The recent surge in Chinese exports gives the wrong signal
Chinese exports surged last spring. According to the Beijing Customs General Administration, exports rose 12.7% in May. The Administration notes that if this pace continues, it will erase the poor performance of the first four months of the year and 2022 will see growth of 15% for the full year. This kind of numbers game is grossly misleading, however. The May surge was a one-time response to the reopening of the Port of Shanghai. It won’t be repeated. In the months, if not years to come, a range of forces will restrain China’s export growth.
Changing consumer habits in Europe and America play the most immediate role in export growth. During the Covid emergency and even into the 2021 recovery, American and European households have been spending heavily on home entertainment equipment and ways to facilitate remote working. These trends have greatly benefited China’s apparent power in electronic equipment assembly. But now that the West has started to travel again and seek entertainment outside the home, spending has shifted from those products to services. Chinese producers have suffered.
Take for example Shenzhan Teanabuds Electronics, a maker of wireless earphones, headphones and speakers. This company reports that its sales in Europe, America and the Middle East have fallen by 50% compared to last year’s levels. Similarly, Guangzhou GL Supply Chain, a maker of garden supplies and simple household items, saw its overseas orders drop by half. These are just two examples and certainly extreme, but they are no less indicative.
Even more frightening for Chinese exports is the growing need for the West to implement anti-inflationary policies. The West’s post-Covid recovery in 2021, from which Chinese exports have greatly benefited, has been largely supported by accommodative monetary and fiscal policies in Europe and America. But now inflationary pressure has demanded a change in these policy postures.
In the United States, the Federal Reserve (Fed) has begun withdrawing liquidity from the financial system and raising interest rates, by 1.5 percentage points only since March. The Fed promises to intensify these restrictions in the future. Such changes will limit economic growth and, therefore, the appetite for Chinese products. So far, Washington has changed its fiscal policy little, but it is clear that it will not prolong the economic stimulus as it has. Europe is lagging behind the United States in these anti-inflationary measures, but it is clearly thinking in this direction. Indeed, policy changes have already raised concerns about recession in Europe and America, which is hardly a good prospect for Chinese exports.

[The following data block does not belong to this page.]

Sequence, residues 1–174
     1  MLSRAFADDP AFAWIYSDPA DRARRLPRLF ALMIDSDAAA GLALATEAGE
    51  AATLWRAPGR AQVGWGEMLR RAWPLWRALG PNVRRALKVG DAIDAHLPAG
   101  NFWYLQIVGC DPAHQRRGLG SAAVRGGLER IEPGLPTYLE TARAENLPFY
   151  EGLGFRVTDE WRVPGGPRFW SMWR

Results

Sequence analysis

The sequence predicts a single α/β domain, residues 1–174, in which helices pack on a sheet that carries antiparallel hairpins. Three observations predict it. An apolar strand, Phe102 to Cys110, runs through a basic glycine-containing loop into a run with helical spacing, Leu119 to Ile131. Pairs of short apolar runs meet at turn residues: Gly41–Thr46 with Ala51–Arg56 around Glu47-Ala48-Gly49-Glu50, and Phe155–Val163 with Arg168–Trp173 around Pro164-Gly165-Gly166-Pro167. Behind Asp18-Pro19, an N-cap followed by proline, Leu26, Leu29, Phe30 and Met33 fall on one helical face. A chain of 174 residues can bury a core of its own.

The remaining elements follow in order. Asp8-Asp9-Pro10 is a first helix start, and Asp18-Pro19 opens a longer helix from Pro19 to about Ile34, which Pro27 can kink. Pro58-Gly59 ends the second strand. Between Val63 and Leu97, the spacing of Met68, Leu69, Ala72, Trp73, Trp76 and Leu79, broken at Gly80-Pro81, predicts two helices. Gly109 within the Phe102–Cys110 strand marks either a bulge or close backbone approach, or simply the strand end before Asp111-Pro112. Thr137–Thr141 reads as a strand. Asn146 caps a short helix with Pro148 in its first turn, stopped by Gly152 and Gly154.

Trends that stem directly from China’s development gains are perhaps the most worrisome. Much of China’s remarkable export boom in the past has reflected the appeal of cheap, disciplined Chinese labor to overseas buyers and producers. But as China’s economy grew and the population became more affluent, these cost advantages began to disappear.
Shanghai’s containerized freight index remains high enough to discourage shipping. Although down about 17% so far this year, it is still four times pre-pandemic levels. This cost difference alone convinces some foreign buyers to bring production sources closer to the point of sale in Europe and America. At the same time, Chinese wages have grown by 9.5% per year over the past five years, much faster than wages in the developed world and certainly faster than comparable costs elsewhere in Asia. Western operations can’t help but consider shifting their sourcing from China to places like Vietnam, Indonesia, the Philippines and similar places. Already, Vietnam has won large percentages of orders for products that were once made almost exclusively in China. In summary, Shenzhen Teanabuds Electronics Global Marketing Manager Zhang Wanli complained, “We are losing our edge.”
In time, some of the most immediate adversity will dissipate. But a shift to wiser economic policies in the West will have lasting effects, possibly for years to come, and the continued erosion of China’s cost advantages will keep pressures limiting exports even longer. It is precisely this developing reality that prompted the International Monetary Fund (IMF) to recommend that China reorient its economy from a reliance on exports to a greater reliance on demand. domestic consumers. It’s a step that Beijing has considered essential for some time. To date, however, authorities have done little to facilitate it. Perhaps limited export growth will induce a change Beijing has yet to make, but it could be a step too far for planners who have relied on exports as the engine of growth for decades.